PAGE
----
Widowed, Divorced & Separated

The Center for Family Life Formation offers support groups and events for widowed, divorced and separated individuals.

Do I Need to Apply for an Annulment?

You should apply for an annulment if you are:

  • A divorced Catholic who is now civilly remarried outside the Catholic Church and wishes to have his/her union validated
  • A divorced Catholic who would like to remarry
  • A divorced non-Catholic who is now civilly remarried outside the Catholic Church to a Catholic
  • A divorced non-Catholic who would like to marry a Catholic
  • A divorced Catholic who is thinking about dating


A declaration of nullity (an annulment) is a statement by the Catholic Church that at the time two people were married, something essential was missing that prevented a valid marriage bond from forming. In order for marital consent to be considered valid, the following must be true:

  • Both parties must have the capacity to make such a commitment and to fulfill the obligations of marriage;
  • Both parties must intend to enter marriage as the Church understands marriage; and
  • Both parties must have knowledge of the person they are marrying.

A declaration of nullity is granted only when it can be proven that some judicial defect rendered a particular marriage not valid, despite all outward appearances, despite good faith of the partners and despite the procreation of children subsequent to the wedding. A declaration of nullity is not a divorce; it is a statement that the bond of marriage, as understood by the Church, was never created. 

The process evaluates and examines the marriage for the necessary elements of a valid union: permanence, fidelity, true companionship and love of the spouses and openness to bearing and educating children.

How Do I Apply for an Annulment?

Step 1: Contact your pastor, annulment sponsor or the marriage tribunal. You will need a complete petition, a copy of the marriage license, a copy of the divorce decree and baptismal certificates for both parties in the marriage.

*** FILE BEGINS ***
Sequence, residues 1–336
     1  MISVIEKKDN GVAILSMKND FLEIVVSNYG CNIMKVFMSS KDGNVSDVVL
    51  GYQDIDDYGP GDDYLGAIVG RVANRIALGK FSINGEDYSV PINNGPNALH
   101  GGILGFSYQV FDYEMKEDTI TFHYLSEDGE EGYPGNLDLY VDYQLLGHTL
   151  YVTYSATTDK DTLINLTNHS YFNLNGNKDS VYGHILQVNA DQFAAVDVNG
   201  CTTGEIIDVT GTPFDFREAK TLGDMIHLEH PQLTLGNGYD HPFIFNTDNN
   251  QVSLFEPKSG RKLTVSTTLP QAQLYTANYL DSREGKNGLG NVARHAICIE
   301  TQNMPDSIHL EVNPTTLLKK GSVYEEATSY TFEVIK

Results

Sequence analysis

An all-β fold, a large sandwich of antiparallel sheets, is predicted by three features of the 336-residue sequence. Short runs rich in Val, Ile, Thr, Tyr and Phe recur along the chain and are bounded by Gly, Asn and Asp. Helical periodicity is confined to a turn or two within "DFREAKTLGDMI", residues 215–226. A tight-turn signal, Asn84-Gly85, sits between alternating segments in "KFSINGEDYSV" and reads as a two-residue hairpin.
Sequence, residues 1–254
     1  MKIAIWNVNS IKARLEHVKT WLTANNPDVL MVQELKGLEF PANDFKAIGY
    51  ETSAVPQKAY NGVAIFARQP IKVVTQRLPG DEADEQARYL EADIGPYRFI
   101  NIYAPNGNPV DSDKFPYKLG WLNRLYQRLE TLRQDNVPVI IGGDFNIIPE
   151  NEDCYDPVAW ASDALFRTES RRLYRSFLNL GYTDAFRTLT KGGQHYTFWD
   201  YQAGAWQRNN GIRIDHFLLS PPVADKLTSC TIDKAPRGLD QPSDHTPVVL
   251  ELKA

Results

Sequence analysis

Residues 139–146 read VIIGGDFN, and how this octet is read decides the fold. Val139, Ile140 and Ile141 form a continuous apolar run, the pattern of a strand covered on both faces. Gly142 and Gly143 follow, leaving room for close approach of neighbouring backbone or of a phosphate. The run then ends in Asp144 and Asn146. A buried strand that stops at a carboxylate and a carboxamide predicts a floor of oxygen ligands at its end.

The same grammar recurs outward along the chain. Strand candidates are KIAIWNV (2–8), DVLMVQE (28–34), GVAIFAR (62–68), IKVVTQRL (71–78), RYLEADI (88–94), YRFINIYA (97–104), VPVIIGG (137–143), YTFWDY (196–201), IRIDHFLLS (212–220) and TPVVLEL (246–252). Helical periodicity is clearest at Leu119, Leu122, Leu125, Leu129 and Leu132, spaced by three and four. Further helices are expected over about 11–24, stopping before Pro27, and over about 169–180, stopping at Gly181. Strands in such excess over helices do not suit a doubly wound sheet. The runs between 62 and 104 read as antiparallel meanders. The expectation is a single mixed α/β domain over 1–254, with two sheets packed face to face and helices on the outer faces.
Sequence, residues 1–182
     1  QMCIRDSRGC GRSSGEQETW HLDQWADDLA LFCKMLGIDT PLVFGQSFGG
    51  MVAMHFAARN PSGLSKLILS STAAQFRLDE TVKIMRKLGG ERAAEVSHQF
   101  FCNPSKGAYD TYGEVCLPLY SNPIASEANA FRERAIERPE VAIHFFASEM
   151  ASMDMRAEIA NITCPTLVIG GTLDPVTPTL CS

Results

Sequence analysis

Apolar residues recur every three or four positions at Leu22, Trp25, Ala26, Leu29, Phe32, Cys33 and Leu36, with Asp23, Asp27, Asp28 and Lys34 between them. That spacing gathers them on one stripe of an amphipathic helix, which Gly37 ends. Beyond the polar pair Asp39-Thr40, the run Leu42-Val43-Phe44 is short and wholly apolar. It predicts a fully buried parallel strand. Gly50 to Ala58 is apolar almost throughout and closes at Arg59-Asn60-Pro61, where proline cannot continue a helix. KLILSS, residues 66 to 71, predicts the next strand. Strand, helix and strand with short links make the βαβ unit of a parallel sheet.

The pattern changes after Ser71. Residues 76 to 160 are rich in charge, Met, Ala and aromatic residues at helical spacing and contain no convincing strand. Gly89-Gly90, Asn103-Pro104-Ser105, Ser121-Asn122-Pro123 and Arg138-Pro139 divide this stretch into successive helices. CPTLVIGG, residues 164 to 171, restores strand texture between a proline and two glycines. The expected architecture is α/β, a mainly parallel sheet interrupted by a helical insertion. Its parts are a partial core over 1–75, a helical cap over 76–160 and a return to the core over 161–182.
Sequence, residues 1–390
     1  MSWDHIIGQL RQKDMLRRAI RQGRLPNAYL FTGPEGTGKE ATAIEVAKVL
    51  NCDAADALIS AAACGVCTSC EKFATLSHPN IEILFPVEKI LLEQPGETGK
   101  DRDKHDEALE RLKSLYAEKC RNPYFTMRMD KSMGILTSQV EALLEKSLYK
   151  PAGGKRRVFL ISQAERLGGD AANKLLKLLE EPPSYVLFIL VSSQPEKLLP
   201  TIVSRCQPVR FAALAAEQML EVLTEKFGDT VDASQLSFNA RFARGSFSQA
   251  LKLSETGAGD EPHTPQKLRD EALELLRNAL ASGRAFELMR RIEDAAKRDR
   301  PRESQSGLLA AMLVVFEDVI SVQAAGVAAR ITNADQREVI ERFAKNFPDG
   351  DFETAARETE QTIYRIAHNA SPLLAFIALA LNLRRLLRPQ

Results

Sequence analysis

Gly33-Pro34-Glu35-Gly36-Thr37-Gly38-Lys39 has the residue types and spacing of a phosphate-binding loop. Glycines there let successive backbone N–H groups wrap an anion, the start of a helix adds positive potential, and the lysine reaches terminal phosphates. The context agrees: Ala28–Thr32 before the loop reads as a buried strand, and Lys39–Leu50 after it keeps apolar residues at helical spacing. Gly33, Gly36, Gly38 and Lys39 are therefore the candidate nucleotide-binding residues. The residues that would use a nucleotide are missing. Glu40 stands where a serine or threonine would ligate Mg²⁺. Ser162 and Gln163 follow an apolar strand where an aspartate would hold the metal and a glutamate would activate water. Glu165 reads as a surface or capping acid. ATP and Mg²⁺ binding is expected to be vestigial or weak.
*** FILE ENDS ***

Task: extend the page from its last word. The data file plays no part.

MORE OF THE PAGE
Step 2: Petition is forwarded to the tribunal. The tribunal will decide if it has the competency to hear the case, then either accept or reject the petition. If accepted, the tribunal will assign an auditor and a judge to the case. The auditor helps the Church find the truth; the judge sets the grounds or the reasons why the validity of the marriage is being challenged.

Step 3: The Respondent is contacted. The Respondent has a right to read testimony, provide testimony and provide witnesses.

Step 4: Evidence Gathering

Step 5: Publication of the Acts

Step 6: Valid or Invalid Decision

Due to the great number of cases considered and the requirements of canon law, an exact timeframe for the annulment process cannot be specified. The process often takes approximately 18 months.

How Much Does an Annulment Cost?

There is no fee.


Retrouvaille is a two-phase experience for couples experiencing marital problems, including those who are considering marriage separation and those who are already separated or divorced that want marriage help. Some couples come to Retrouvaille during the initial signs of a marriage problem. Other couples are in a state of despair and hopelessness when they attend. 

Phase 1: During the first phase, the couple spends a weekend away, listening to presentations and reflecting on and discussing what they learn privately. The weekend is not a spiritual retreat, not a marriage encounter and not a marriage seminar. 

A team of three couples, and a priest or Christian minister, gives a series of presentations. The team presents communication techniques that enable couples to take a good look at different relationship areas and provides practical tools for improving marriage.

Phase 2: The weekend is followed by a series of six to 12 post-weekend sessions over the course of three months. Couples continue to learn how to rediscover a loving marriage relationship.

Register: To learn more or to register for a Retrouvaille weekend, visit www.retrouvaille.org.